Navigating challenging meetings with the buying team – and getting everyone working together to close a deal – can be a minefield. These three simple steps will help you deal with buying teams and bring everyone onside.
“All in favour say aye.” If only achieving what is sometimes called the ‘consensus sale’ were so easy. If it were, organisations like the Corporate Executive Board (CEB) wouldn’t have come up with a name for it.
Even if sales reps manage to get the more than half a dozen people who may need to be part of a buying decision in the same room, nothing is guaranteed. In fact, it can be a minefield for reps, who might be only been dealing with one of the major decision makers on the team up until that meeting. Now, with the boss in the room, along with peers or other senior-ranking co-workers from other departments, things can get ugly quickly.
At the risk of focusing on the negative, here are just a few of the scenarios that can (and have) happened when reps tackle the consensus sale:
The C-suite leader deliberately raises a litany of objections designed to make their more junior member look bad (or to ‘teach them a lesson’ about how to deal with vendors).
A less senior but still influential team member dominates the conversation, making it difficult for the rep to get feedback or support from other members of the team.
A squabble breaks out between one or more members of the buying team – right in front of the rep – about things that may or may not have anything to do with the sale.
This can be far from what some reps might have had in mind – or hoped for – when the meeting was set. Though these can occasionally become moments of consensus, where final questions are answered and a final commitment follows soon after everyone disperses – reps may find themselves having to start from scratch or lose a deal completely.
There’s no foolproof way to prepare for a buying team meeting like this, because the room will be made up of unique individuals who all have their own challenges, biases, desires and personality quirks. At the very least, though, sales teams should recognise a few universal techniques that could get them closer to a close:
There are bullies in the office, just as there are in the playground, and sometimes they’ll rear their heads in buying team meetings. They nag about longstanding issues in the company that your product or service will never address anyway. They belittle what’s said – not only by the rep but by their own co-workers. They interrupt when other people are trying to get a word in edgewise.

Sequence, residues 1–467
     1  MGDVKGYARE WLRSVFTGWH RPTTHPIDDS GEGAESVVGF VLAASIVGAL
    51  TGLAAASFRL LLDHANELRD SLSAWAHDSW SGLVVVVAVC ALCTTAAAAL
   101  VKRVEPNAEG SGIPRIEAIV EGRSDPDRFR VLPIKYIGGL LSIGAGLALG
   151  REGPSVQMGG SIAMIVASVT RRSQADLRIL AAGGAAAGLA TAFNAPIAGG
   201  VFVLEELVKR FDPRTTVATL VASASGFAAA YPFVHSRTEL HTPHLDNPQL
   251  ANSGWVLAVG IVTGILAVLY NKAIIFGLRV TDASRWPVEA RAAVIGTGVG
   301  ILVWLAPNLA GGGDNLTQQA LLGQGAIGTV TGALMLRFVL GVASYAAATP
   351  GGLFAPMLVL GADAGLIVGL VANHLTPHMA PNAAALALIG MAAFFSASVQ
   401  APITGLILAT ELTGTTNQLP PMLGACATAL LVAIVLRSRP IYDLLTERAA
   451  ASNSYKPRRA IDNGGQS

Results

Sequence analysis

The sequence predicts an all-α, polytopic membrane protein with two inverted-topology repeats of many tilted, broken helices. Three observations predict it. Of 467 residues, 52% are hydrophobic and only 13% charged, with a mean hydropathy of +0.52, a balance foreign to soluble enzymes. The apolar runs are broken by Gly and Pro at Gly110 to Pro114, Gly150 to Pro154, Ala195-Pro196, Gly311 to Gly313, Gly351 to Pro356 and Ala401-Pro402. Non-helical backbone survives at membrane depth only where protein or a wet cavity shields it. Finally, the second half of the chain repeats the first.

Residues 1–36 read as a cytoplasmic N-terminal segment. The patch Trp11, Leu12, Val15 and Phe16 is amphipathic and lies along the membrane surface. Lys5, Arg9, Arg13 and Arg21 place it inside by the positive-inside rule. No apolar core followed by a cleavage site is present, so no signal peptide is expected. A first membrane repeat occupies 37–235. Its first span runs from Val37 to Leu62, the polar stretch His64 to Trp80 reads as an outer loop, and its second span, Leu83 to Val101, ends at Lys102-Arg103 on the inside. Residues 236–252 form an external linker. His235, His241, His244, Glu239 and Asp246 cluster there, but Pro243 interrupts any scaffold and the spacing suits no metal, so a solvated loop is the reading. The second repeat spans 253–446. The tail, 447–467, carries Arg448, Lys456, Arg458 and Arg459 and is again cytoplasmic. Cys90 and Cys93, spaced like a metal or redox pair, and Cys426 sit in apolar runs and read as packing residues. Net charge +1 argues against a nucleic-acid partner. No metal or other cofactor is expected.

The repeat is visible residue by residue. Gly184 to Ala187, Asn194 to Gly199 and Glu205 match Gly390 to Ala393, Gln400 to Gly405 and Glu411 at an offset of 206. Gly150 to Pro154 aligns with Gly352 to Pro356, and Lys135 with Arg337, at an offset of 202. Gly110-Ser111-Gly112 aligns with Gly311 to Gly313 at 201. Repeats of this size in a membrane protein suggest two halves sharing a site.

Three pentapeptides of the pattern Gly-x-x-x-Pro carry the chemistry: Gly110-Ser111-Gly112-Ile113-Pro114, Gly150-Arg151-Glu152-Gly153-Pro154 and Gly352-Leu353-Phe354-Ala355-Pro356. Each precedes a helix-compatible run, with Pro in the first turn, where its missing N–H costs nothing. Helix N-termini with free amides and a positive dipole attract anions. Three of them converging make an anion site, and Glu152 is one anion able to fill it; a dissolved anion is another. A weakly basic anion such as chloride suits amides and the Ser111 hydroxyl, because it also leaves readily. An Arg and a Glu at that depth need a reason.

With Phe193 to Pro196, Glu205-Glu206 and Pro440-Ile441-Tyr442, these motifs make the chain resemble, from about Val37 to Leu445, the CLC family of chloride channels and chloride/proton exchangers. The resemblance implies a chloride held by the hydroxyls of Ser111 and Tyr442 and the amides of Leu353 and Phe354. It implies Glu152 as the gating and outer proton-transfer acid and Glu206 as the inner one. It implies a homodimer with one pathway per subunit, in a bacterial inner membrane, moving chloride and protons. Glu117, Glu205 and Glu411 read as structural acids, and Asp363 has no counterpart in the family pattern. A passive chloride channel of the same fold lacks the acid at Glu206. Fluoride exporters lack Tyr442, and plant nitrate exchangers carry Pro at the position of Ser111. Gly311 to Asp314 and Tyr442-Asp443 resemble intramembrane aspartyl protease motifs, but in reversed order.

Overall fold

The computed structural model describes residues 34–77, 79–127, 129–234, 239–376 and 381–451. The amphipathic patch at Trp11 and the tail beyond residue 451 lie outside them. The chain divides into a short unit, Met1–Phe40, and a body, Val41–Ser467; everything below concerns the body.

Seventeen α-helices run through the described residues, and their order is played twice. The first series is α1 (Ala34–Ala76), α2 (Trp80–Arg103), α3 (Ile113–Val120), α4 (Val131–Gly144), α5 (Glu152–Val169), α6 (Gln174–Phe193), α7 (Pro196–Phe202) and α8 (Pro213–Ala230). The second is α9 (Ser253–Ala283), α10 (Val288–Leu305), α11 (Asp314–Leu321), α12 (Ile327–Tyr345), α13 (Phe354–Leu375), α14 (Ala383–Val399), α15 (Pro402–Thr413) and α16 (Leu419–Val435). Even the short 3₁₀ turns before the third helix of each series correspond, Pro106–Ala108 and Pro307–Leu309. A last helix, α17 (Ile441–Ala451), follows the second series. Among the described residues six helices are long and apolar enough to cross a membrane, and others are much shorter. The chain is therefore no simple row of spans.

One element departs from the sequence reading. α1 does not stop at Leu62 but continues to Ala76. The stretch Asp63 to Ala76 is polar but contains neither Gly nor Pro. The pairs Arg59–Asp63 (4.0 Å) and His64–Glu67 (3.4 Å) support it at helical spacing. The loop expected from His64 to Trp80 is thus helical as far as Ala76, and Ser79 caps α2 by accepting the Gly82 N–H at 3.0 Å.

As tempting as it might seem, the rep can’t crack down on that kind of behaviour, and it may stem from all kinds of reasons they’ll never know about anyway. Best to let such people get through whatever they have to say, without interruption. Even if it feels like it’s taking forever, the big talker will come to a pause eventually. That’s when you can try to repeat back their most essential points in as succinct a manner as possible. They’ll realise they’re being heard, which may be the only way to get them to listen.
Never assume any organisation communicates well. If a buying team bickers openly, it may be due to a lack of information that should have been shared, or a failure to understand what other departments are going through on a day-to-day basis.
The job of the rep is not to play counsellor in this situation, but working towards a consensus sale can be a means to an end in terms of improved team communication. By making good use of your data about the organisation and knowledge of similar organisations in the same industry, for instance, paint an accurate picture of how buying a product or service will lead to their personal and professional success.
The meeting shouldn’t do this just for one individual, however. The rep can, and should, do the same thing with every other person involved in the decision. Look for opportunities to show how the various groups might be able to collaborate or support each other towards shared goals. Keep coming back to what’s really important in terms of business needs, no matter how often one or more buying team members take things off on a tangent.
Although getting the buying team together might seem to be a last step in the sales journey, it might need to become the moment a potential purchase turns into a project.
Remember that C-suite leader who was trying to look important and undermine the more junior team member? Step around the hurt feelings they may have caused by asking pointed questions that encourage everyone in the room to weigh in on what the ideal solution to their pain points might look like.
What you’re selling might not cover off every aspect of what they come up with, but that doesn’t matter. This is about turning a group of occasional adversaries into a closer-knit collective who may at least sign off on the deal in order to move forward in a positive way. Remember that selling is about being a trusted adviser. That doesn’t just involve passing on a lot of advice but bringing out the best ideas in your customer, then aligning them to what you’re selling.
Working towards consensus isn’t easy in any situation, which of course includes those working in a corporate setting. A good rep doesn’t try to play one member of the team (even the most senior one) off against the others. They bring a mix of soft skills, active listening and a resolute focus on the business’s objectives. Ideally, agreeing to a purchase won’t be the only point of consensus. They might also agree that you – and your company – are ideal partners in their future growth.
If you’re ready to sell faster and smarter, download our e-book 4 Steps to Transform Your Sales Process.